Honey Primer – Part 1: How Honey is Made

by Julie Tennis on August 29, 2017

Honey is a precious resource, produced by the labor of hundreds of thousands of worker bees.

It starts out as nectar, produced by flowers. Honey bees collect this nectar in a special compartment in their digestive tract called the “honey stomach.” While in the honey stomach, the nectar is subject to digestive enzymes which begin to break down the larger sugar molecules (sucrose) into glucose and fructose.

A honey bee can collect up to about 75 milligrams of nectar in her honey stomach, but averages more around 30, before returning to the colony to “unload.” She regurgitates the contents of her honey stomach into the mouth of a “house bee,” who further refines the nectar by repeated regurgitation and consumption.

After the house bee has spent 20-30 minutes digesting the nectar, effectively breaking down all the complex sugars into simple sugars, she places it in wax cells (honeycomb) for drying. Evaporation is assisted by the flapping of her wings, which keeps air circulating over the surface. Once the cells are filled, and the moisture content is below 18%, the bees cover the cell with a layer of wax. This step is important as honey is hygroscopic – it will pull moisture from the surrounding air. (This effect is why honey is so useful on wounds, and why it stays free of bacteria – it pulls the moisture out of the critters and they die.)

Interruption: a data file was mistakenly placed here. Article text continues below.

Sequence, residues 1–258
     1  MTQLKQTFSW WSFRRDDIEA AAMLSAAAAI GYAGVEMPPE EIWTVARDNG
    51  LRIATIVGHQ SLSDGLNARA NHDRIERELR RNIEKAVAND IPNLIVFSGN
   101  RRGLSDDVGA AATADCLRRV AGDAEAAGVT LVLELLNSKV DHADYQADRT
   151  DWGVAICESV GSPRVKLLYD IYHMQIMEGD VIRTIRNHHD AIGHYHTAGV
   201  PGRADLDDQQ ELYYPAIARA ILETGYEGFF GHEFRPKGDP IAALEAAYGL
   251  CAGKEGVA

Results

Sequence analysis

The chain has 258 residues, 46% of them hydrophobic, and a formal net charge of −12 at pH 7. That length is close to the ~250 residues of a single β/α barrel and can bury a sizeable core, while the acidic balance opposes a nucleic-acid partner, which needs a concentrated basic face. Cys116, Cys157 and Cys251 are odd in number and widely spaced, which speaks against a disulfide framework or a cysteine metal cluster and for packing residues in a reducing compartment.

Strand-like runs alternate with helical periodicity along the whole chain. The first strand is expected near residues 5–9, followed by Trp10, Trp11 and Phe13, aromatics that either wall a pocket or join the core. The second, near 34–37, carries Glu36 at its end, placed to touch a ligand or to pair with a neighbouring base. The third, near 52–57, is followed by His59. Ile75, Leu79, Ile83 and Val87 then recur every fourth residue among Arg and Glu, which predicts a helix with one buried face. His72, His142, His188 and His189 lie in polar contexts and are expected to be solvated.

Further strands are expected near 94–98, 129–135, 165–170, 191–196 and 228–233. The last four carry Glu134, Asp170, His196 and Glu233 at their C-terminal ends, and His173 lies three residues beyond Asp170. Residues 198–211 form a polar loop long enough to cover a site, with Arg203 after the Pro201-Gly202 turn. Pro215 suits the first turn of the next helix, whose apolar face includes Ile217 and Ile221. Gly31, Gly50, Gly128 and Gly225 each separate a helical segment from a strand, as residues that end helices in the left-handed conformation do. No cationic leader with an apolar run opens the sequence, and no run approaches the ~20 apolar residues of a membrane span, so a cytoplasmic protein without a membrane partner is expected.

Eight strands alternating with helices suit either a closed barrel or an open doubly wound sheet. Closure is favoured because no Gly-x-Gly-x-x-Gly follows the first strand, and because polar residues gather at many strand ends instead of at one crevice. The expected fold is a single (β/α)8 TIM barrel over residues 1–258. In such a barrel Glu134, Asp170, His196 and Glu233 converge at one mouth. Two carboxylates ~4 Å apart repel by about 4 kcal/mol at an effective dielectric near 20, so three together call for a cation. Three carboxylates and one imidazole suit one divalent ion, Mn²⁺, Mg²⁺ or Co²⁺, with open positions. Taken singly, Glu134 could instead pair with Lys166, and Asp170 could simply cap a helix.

Meanwhile, the forager returns to the field to gather more nectar. She may average about ten trips in a day. A worker bee who has reached foraging age lasts an average of 10 days afield. Lucky, long-lived foragers may spend up to 20 days afield. In either case, it is the final job held by worker bees.

In her entire lifetime, a single worker may gather about 3 grams of nectar. That’s the weight of a penny. Three grams of nectar processes down to about .75 grams of honey. And this is where I explain why honey is such a precious resource: If we were to pay the true price of honey, most of us would not be able to afford it.
Honey bees can forage over five miles from their colony, but in general stay within about a mile of home. Let’s average each of her trips to ¾ mile, and assume she’s bringing in about 35 milligrams per trip, and that she’s making 10 trips per day over ten days. That’s 75 miles and 3,500mg (or 3.5 grams) of nectar per bee. Three and a half grams of nectar converts to about .87 grams of honey per bee, or .03 ounces.

SO, an ounce of honey is equivalent to the life’s work of about 33 honeybees. 33 x 75 miles = 2,475 miles flown to create one ounce of nectar. Today’s rate for mileage is $.54/mile. If we were to pay just mileage on every ounce of honey, it would cost us $1,337/ounce or $21,384 per pound.

Let’s look at what a forager’s wages would be. Minimum wage in Washington is currently $9.47/hour. Some estimates state that a foraging trip for a worker bee gathering nectar is about 20 minutes. If she makes ten trips for nectar each day, over ten days, that’s about 33 hours total, or $313. The total wages due for each ounce of honey would be $10,329. And that doesn’t take into account the work done inside the colony to process the nectar into honey.

A full super frame, one of nine or ten in each super, holds about 7 pounds, or 112 ounces, of honey – the life’s work of over 4,000 bees. Considering all the hours of labor and lives devoted to making it, honey truly is a precious resource!

In Honey Primer – Part 2 we’ll look at the qualities and behavior of different varieties of honey.



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